Jun 9, ABC12.com; AP: When the child sex abuse scandal at Penn State erupted last year, public anger was directed not only toward Jerry Sandusky, but toward the people around him who didn’t report their suspicions to police. In the months that followed, that anger led many states to re-examine and expand their so-called mandatory reporting laws that require people to report suspected abuse or face civil and criminal penalties. Some state laws apply to professionals like doctors and teachers, while others apply universally to all adults. said Teresa Huizar of the National Children’s Alliance said standardizing the current patchwork of requirements, agencies and procedures would make reporting abuse less intimidating and difficult – but perhaps more importantly, a national awareness campaign would be an invaluable step to reducing the societal stigma that makes victims and witnesses remain silent. “In the same way we’ve taught people about the dangers of smoking, about using seat belts, about drinking and driving, when there’s that kind of a commitment, you really see the dial move in the right direction,” she said. “Without that level of investment, you’re not going to see that kind of result.” Despite the uncertainty about whether legislation brings about better outcomes, Huizar said the Sandusky case has shown that there have been encouraging changes when it comes to the way Americans view child abuse. “The instantaneous and universal outrage … really is different than what you would have had a decade ago,” Huizar said. “People were instantly saying, ‘Why didn’t the adults do more?’ That assumption is an enormously positive change in our societal understanding of who has responsibility for reporting abuse. So we’re learning.” Link to Article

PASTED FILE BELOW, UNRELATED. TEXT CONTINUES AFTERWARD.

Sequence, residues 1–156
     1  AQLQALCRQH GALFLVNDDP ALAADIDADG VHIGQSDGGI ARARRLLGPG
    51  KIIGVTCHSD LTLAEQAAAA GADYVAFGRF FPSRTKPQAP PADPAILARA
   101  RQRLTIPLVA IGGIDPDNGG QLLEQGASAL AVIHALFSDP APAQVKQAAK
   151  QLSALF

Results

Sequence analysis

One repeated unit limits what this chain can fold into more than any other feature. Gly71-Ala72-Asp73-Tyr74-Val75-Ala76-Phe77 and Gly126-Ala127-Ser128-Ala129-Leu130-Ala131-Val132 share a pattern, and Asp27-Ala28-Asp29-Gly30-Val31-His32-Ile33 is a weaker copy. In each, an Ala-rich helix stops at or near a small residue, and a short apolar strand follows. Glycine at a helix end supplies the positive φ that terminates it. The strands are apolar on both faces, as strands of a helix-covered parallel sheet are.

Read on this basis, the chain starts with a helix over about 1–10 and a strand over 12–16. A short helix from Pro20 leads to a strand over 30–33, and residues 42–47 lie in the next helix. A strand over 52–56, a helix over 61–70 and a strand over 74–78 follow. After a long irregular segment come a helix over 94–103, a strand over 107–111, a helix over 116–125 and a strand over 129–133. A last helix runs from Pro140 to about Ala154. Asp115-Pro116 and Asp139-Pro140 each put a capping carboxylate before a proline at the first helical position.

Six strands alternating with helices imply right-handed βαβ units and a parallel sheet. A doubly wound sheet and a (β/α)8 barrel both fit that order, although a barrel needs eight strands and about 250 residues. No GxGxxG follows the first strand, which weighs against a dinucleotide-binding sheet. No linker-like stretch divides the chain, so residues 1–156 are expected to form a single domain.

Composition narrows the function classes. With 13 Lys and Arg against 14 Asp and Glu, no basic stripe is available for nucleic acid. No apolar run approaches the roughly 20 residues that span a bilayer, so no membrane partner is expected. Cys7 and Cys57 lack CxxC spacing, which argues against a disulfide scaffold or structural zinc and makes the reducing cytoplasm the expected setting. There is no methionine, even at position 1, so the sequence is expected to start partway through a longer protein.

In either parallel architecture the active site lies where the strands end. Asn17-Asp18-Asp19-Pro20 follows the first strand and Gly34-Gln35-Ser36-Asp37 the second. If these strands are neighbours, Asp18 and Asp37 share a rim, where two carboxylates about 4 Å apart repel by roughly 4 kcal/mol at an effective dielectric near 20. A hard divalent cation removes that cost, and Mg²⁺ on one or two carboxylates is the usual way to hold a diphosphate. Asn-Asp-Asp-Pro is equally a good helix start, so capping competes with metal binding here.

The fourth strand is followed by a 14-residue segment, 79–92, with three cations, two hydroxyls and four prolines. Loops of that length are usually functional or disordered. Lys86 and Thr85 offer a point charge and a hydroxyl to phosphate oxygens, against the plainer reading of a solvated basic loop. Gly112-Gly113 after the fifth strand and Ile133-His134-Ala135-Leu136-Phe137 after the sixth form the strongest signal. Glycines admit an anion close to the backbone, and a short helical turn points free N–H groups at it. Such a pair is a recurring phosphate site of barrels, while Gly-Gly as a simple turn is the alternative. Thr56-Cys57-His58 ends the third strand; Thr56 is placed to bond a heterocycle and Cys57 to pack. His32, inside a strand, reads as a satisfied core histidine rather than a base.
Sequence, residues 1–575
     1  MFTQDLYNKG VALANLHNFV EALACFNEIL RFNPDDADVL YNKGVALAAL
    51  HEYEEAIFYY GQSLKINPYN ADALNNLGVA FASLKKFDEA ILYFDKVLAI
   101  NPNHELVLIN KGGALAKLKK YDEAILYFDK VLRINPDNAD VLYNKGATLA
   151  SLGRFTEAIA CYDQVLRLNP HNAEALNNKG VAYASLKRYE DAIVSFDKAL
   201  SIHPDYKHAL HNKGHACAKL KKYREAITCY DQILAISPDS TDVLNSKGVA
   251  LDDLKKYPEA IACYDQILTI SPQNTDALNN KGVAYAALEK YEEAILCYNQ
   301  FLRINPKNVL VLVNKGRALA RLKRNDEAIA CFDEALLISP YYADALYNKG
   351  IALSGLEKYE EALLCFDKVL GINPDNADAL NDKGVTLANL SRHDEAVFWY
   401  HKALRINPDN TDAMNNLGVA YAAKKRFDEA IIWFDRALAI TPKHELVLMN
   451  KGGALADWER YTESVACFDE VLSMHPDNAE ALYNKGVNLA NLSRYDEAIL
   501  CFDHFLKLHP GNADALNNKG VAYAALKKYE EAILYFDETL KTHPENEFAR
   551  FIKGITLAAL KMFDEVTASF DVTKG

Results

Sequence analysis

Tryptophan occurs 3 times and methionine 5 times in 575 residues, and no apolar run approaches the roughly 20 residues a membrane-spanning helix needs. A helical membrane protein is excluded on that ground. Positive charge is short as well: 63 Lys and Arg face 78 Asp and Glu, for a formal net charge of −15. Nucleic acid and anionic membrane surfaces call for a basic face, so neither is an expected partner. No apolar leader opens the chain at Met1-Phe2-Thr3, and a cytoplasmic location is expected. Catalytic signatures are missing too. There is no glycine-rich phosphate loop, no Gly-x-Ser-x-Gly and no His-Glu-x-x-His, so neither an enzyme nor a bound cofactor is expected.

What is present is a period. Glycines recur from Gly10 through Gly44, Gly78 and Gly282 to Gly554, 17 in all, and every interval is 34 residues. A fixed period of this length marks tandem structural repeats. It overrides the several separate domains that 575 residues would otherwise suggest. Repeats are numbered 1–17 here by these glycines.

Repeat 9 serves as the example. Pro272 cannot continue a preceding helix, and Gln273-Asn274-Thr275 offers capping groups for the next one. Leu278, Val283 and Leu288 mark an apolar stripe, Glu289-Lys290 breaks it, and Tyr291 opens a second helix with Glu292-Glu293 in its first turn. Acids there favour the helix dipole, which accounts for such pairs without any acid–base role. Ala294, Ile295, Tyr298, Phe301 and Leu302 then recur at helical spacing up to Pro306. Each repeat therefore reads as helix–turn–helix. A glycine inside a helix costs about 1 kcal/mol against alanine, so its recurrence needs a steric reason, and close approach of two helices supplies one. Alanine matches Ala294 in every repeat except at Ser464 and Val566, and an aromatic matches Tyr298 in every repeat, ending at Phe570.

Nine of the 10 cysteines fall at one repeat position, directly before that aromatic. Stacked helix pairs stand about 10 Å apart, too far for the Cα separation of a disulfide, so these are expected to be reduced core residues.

But see also: PA: Child Abuse Reports Lead to Threats: Link to Article

MI: 4 Of 190 Child Predators Caught Were From MI

18 victims rescued during Operation Orion
June 8, WOOD TV: Four Michigan residents are among 190 people arrested during a month-long, nationwide operation targeting those who possessed child pornography. Names of the Michigan four are provided.  Link to Article

US: Bill Seeks Greater Access to School Records for Child Welfare Agencies

June 8, Palm Beach Post: Foster child advocates in Florida and nationwide are counting on a bill currently before federal lawmakers to ease access to children’s school records and improve education for foster children. The Access to Papers Leads to Uninterrupted Scholars Act, or the A+ PLUS Act, was introduced May 31 and could eliminate the hurdles that case workers often face when trying to obtain a child’s school records. Currently, federal law requires social workers to get a court order or parental consent to access a foster child’s school records, a move meant to protect the child’s privacy. But advocates said the extra red tape has made it difficult for social workers because foster youths change schools frequently as they move between different homes. “Given that child welfare agencies are responsible for the educational needs of foster youth, it is essential that they have access to students’ records. This will allow those agencies to do their jobs better and more efficiently,” said Rep. Alcee Hastings, D-FL, one of the bill’s co-sponsors. Link to Article

US: Adoption Agency May Be Liable for Child’s Rape

June 8, Courthouse News Service: A federal judge refused to dismiss claims that an adoption agency is liable for the rape of a 2-year-old because it failed to disclose the prior sexual abuse experienced by a teenager the infant’s family took in. Martin and Tracey Stewart adopted their 13-year-old nephew Dalon Holmes in 2009. Before going through with the adoption, however, the Stewarts say they asked for confirmation that Holmes had never been sexually abused – circumstances they needed to know because several young children also lived with the Stewarts at the time. The Stewarts say Holmes raped and molested their biological grandchild in 2010, and the teenager charged with various crimes related to the attack. Holmes is allegedly a ward of Pennsylvania because the Stewarts relinquished custodial rights. They filed suit against the Bethanna adoption agency and the city of Philadelphia, claiming that both entities knew and concealed the fact that Holmes had been molested by his mother and various unidentified males before Social Services took custody of him in 2007. Link to Article